The brief was actually quite simple. Create an interactive map of the United Kingdom split into regions that when hovered would show a small pop-up containing the name of the region, and when clicked would take you to a specific page. In this case it was to be a term archive page for a specific taxonomy inside WordPress, but it could really be anything (within reason).

I have received permission from the client I did the work for to use the map in this tutorial so here is a demo to show you what the finished product looks like.

Happy? Good. Now let’s start with what could be the most important part of this tutorial.

Prerequisites

You need to grab yourself an image of the map, item, or whatever it is you want to create with RaphaelJS. Not just any image though, it must be an SVG or a Scalable Vector Graphics file. For those that haven’t heard of an SVG before, it is basically an image that is created using Mathematical equations meaning it can be scaled to any size without degradation since all the computer has to do is recalculate the results to the equations.

This can be exceptionally confusing to some so here is a visual example of how vector graphics, like SVG, differ from raster graphics, like JPG or Bitmap.

As you can see, when you scale up a raster image you start to lose detail & the image starts to degrade quite badly. However the vector image stays extremely detailed and doesn’t degrade at all.

I can’t share the image I used to make the map, but there are a lot of SVG maps & other SVG images available from Stock Photo sites such as IStockPhoto.com.

HTML

Now we can move on to some actual code. First the HTML used.

<div id="map">
</div>

Ahem. Yep, that’s it. No other HTML code is needed. The rest is all RaphaelJS.

RaphaelJS

First thing, we need to make sure jQuery is attached to the page. RaphaelJS doesn’t need jQuery, but it does help a lot to have the jQuery core functions available when using Raphael. I always use the Google CDN but you can attach it by any method you like. You also, obviously, need RaphaelJS attached to your page. You can download it from the RaphaelJS website. You will also need a small patch/plugin for RaphaelJS that creates a Pop-Up using vector graphics. I can’t remember where I found this but here is the code:

Raphael.fn.popup=function(x,y,text,size){txtattr={font:"12px Helvetica, Arial, sans-serif"}
size=size||5;text=text||"";var res=this.set(),d=3;res.push(this.path().attr({fill:"#333333",stroke:"#333333"}));res.push(this.text(x,y,text).attr(txtattr).attr({fill:"#fff","font-family":"Helvetica, Arial"}));res.update=function(X,Y,WIDTH){X=X||x;Y=Y||y;var mmax=Math.max,mmin=Math.min,bb=this[1].getBBox(),w=bb.width/2,h=bb.height/2,dir=(X-bb.width<15)?3:1,X=(dir==1)?X:X+WIDTH,dx=[0,w+size*2,0,-w-size*2],dy=[-h*2-size*3,-h-size,0,-h-size],p=["M",X-dx[dir],Y-dy[dir],"l",-size,(dir==2)*-size,-mmax(w-size,0),0,"a",size,size,0,0,1,-size,-size,"l",0,-mmax(h-size,0),(dir==3)*-size,-size,(dir==3)*size,-size,0,-mmax(h-size,0),"a",size,size,0,0,1,size,-size,"l",mmax(w-size,0),0,size,!dir*-size,size,!dir*size,mmax(w-size,0),0,"a",size,size,0,0,1,size,size,"l",0,mmax(h-size,0),(dir==1)*size,size,(dir==1)*-size,size,0,mmax(h-size,0),"a",size,size,0,0,1,-size,size,"l",-mmax(w-size,0),0,"z"].join(","),xy=[{x:X,y:Y+size*2+h},{x:X-size*2-w,y:Y},{x:X,y:Y-size*2-h},{x:X+size*2+w,y:Y}][dir];xy.path=p;this.attr(xy);return this;};return res.update(x,y);};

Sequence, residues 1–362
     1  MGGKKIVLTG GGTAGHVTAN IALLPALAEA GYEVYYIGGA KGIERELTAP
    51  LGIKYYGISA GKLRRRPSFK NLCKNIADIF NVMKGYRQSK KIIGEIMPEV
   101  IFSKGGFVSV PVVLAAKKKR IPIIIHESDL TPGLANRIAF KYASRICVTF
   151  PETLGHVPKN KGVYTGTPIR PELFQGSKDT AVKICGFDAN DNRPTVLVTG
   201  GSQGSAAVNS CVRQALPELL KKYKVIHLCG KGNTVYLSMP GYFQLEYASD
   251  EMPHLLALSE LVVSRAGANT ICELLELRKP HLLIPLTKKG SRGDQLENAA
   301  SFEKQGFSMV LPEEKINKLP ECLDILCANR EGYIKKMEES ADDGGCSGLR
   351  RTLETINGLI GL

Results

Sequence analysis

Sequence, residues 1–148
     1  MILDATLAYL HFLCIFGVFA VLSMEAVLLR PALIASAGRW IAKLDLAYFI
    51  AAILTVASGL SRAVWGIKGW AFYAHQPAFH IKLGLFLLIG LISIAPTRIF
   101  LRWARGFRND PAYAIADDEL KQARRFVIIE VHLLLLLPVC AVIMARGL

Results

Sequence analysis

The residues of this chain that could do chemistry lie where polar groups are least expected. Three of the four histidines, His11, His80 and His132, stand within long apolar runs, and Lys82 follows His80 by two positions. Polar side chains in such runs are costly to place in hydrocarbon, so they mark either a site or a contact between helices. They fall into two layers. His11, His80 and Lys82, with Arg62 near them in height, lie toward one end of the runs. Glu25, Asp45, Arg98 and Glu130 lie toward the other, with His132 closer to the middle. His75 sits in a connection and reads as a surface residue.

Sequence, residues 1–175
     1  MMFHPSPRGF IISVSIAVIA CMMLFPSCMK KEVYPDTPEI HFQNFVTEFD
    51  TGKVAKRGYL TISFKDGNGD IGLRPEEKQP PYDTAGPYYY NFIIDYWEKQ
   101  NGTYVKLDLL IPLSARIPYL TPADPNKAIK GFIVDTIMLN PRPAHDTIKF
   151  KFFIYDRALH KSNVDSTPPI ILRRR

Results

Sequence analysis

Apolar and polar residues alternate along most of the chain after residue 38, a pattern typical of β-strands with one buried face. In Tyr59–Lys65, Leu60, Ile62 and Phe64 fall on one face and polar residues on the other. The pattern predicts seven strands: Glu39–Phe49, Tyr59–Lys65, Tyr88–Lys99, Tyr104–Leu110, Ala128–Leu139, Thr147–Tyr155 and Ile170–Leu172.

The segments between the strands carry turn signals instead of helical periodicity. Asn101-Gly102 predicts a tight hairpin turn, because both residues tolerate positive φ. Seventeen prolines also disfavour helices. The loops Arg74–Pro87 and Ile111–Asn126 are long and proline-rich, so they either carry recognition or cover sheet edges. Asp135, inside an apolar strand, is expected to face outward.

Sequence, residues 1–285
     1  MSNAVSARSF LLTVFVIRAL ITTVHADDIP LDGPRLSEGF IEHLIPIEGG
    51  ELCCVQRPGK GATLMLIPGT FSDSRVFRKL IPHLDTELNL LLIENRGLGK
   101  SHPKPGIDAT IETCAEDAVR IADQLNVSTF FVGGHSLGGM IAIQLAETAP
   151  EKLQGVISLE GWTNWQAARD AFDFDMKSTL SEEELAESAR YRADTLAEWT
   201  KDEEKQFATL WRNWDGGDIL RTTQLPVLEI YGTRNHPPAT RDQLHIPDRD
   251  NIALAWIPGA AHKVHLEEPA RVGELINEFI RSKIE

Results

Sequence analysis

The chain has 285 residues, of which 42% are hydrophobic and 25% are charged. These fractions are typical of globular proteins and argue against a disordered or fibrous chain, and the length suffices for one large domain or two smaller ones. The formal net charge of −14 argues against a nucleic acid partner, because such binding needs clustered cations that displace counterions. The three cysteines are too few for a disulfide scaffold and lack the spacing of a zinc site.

It has been minified, all you need to do is paste it onto the bottom of your RaphaelJS file that you downloaded from the RaphaelJS website, or you can put it in another JS file and attach it separately. I leave it to you.

Okay. First we need to make a path file. This file will contain the path data to create our map. Where do you get this data from? Well your just open up the SVG file in your favorite text editor (I use Notepad++). SVG files are actually just XML files, since the SVG file format is XML based. If the image has had each part grouped together when it was created you should be able to easily find the different parts you need. Here is an example of how my SVG file looked.

The highlighted areas are the important parts. The first is the name of group, this helps you identify which part of the image this code draws. The second highlighted part is the path data which is what you are looking for. You will need to copy the information between the d="". Remember though that you need the data (d=”") from every path element inside that group to create that group. This may involve joining lots of path elements together. To do that just join them together & leave a single space between each one.

There is an alternative though. Eric in the comments to this tutorial has kindly pointed out that there is a small web app that will take your SVG file & pump out the needed RaphaelJS code to make it. Kinda cool!

Now let’s get to what you need to do with that code. The easiest way to build a large image such as a map is to store the path data in a separate file as an object.

So create a file called path.js and place this inside:

var paths = {

}

This is the start of your path data file. You should have your first piece of path data in clipboard, so let’s use it.

var paths = {
    item: {
        path: "Paste Path Data Here"
    },
    item2: {
        path: "Paste Second Path Data Here"
    }
}

So in our example here item would use the path data from the first group (<g id="">) element in our SVG file, and item2 the second and so on. That would normally be it, but we want to have a popup display something & we want links that go somewhere when clicked. To do that we store our data inside this JS file. So here is an example: